The Midrash (Sifri Haazinu 47) tells how, when the flood rains began and Noah
began to bring his family into the ark, the people tried to destroy it, so that
Hashem had to bring Noah's family in and shut out the others. What must have
followed then can only be imagined: the pounding of the rain mixed with the
clawing of the people trying to get in, hysterical cries and, eventually, a
silence to mock Noah's own wordlessness. At this point, says the Midrash, Noah
began to pray for mercy, but Hashem told him it was too late.
Noah's survival was not mere chance; it was the direct result of his
righteousness that Hashem spared him. Still, Noah did not succeed in improving
the world. R. Moshe Alshech (1508-1600) argues that Hashem chose the ark as the
method of rescue as a criticism of Noah's way of conducting himself: throughout
his life, Noah had shut himself up in an "ark," a separate world of his own
making. He sealed himself off from the outside world, and although this was the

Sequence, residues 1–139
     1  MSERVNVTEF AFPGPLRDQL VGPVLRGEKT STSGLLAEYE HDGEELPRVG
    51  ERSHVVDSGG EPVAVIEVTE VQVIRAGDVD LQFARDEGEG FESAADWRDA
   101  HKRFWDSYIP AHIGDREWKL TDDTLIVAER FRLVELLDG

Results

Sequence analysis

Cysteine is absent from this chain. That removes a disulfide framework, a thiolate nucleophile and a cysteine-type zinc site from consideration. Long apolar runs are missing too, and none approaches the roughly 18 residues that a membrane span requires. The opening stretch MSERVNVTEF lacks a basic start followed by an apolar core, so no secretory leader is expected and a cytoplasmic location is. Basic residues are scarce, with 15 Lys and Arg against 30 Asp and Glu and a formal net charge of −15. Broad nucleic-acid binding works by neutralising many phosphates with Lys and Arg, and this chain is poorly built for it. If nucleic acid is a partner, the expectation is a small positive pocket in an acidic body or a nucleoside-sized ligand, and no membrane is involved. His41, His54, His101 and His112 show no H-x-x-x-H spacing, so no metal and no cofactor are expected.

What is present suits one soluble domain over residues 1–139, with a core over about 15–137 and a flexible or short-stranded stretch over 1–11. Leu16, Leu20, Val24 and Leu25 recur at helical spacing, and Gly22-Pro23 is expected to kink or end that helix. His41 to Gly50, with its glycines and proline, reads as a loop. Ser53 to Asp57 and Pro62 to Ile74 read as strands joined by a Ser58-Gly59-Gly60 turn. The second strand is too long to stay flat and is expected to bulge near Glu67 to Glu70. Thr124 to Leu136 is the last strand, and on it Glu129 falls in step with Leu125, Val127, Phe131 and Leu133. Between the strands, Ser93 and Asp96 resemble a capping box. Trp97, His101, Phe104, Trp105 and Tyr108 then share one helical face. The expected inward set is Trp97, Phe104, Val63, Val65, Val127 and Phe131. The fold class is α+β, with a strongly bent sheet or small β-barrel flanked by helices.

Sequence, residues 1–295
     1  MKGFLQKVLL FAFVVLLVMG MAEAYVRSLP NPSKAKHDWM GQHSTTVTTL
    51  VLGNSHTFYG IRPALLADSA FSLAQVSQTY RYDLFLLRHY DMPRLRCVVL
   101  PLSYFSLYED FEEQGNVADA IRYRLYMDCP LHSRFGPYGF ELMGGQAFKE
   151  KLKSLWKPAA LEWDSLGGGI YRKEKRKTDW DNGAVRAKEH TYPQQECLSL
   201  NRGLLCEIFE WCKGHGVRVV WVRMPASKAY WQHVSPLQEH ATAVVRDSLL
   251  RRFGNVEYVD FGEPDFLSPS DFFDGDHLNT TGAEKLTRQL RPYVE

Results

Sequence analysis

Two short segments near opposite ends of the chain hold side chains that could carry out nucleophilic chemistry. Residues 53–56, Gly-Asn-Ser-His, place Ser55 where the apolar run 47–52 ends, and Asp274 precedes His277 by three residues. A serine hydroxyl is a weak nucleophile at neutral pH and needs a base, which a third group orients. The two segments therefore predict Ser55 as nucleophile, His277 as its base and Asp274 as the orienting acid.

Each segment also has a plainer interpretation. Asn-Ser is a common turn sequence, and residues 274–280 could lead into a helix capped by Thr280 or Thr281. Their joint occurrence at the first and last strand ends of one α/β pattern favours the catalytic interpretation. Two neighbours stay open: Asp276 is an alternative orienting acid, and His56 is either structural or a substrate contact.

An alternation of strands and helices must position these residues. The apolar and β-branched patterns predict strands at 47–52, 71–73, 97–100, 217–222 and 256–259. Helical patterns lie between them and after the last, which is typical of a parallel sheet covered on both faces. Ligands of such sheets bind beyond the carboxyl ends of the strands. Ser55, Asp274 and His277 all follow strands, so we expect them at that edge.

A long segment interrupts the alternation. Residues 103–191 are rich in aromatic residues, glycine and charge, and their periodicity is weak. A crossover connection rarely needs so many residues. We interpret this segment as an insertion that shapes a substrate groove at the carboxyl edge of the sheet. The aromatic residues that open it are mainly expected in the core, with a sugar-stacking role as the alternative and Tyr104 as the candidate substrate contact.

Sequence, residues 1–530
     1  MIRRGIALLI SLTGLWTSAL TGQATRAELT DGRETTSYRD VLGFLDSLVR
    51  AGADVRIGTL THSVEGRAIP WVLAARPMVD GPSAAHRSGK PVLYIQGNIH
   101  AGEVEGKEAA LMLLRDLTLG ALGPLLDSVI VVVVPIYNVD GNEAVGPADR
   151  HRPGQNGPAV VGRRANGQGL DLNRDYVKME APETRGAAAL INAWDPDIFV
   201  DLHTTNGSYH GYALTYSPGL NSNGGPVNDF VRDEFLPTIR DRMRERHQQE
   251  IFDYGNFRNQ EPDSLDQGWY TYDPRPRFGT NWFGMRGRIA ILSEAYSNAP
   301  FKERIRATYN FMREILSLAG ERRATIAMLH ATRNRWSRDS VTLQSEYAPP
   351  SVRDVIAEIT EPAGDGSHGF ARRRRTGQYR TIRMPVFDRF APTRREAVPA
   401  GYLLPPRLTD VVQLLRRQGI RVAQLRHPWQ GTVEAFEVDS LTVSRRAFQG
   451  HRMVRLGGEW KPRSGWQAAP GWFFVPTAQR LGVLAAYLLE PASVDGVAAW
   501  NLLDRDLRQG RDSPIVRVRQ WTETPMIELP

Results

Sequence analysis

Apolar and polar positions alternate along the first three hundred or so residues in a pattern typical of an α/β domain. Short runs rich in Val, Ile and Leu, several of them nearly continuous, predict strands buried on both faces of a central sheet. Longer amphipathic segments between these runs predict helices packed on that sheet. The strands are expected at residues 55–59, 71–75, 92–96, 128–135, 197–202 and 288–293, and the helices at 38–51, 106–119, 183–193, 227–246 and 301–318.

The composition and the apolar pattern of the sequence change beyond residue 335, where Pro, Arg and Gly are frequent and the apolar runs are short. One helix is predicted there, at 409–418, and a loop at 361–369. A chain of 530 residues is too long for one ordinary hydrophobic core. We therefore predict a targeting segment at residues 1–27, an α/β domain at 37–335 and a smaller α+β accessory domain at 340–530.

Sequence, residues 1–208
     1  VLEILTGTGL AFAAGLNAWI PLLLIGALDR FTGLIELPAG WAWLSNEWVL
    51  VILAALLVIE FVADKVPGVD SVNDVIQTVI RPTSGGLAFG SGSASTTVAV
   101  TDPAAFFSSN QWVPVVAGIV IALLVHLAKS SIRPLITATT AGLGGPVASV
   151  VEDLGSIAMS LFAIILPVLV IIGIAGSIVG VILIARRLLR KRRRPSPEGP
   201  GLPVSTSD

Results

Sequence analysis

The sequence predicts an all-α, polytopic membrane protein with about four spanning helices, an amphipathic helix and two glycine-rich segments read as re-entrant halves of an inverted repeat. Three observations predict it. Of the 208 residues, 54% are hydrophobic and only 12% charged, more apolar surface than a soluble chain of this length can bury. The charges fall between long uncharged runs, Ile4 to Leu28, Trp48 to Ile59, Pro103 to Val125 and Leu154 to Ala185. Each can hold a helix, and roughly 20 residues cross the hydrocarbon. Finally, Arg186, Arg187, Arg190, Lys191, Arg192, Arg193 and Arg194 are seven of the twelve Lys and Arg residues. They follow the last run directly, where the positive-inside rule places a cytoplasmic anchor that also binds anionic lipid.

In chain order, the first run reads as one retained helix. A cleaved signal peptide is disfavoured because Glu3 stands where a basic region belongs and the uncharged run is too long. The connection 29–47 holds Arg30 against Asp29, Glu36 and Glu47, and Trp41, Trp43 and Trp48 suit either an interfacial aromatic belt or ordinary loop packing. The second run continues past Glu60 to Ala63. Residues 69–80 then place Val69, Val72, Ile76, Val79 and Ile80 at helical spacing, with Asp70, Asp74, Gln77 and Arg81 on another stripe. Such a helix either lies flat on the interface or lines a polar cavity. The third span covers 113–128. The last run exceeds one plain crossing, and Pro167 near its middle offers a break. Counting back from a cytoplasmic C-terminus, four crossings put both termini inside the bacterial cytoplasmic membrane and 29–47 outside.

key to his moral survival, it was also the key to his moral limitations.
At some point, Noach must have realized this, and his guilt got the better of
him. Perhaps this might explain Noach's desire for wine. This is the suggestion
of Abravanel (Don Yitzchak Abravanel, 1437-1508) - himself a survivor of the
expulsion from Spain in 1492 - who writes:
Perhaps when he was disgusted with his life because of the waters of the Flood,
he sought to make wine to drink of it, so that he would no longer drink water,
nor would he see it ever again. The man who survived the Flood never wished to
touch a drop of water again. Noach wanted to forget, to numb himself to the
pangs of guilt, to fend off the awful torrent of memory and self-criticism.
Consequently, he sunk himself deeply into the work of the earth, eventually
lashing out in rage.
Abraham, too, was witness to destruction, that of Sodom and Amorah.
However, Abraham tried to avert that disaster, arguing with Hashem to spare the
cities if righteous people could be found within them. And when the cities were
annihilated, Abraham moved to the Negev because, as Rashi points out, When he
saw that the cities were destroyed and wayfarers ceased coming, he withdrew from
Abraham's response to tragedy was to seek out new opportunities for hospitality.
In the aftermath of our tragedies, we can choose one of two paths: that of Noah,
to withdraw into despair and gnawing guilt, or that of Abraham, to rebuild a
destroyed world to spread Hashem's goodness.
Our choice should be to follow the path of Abraham.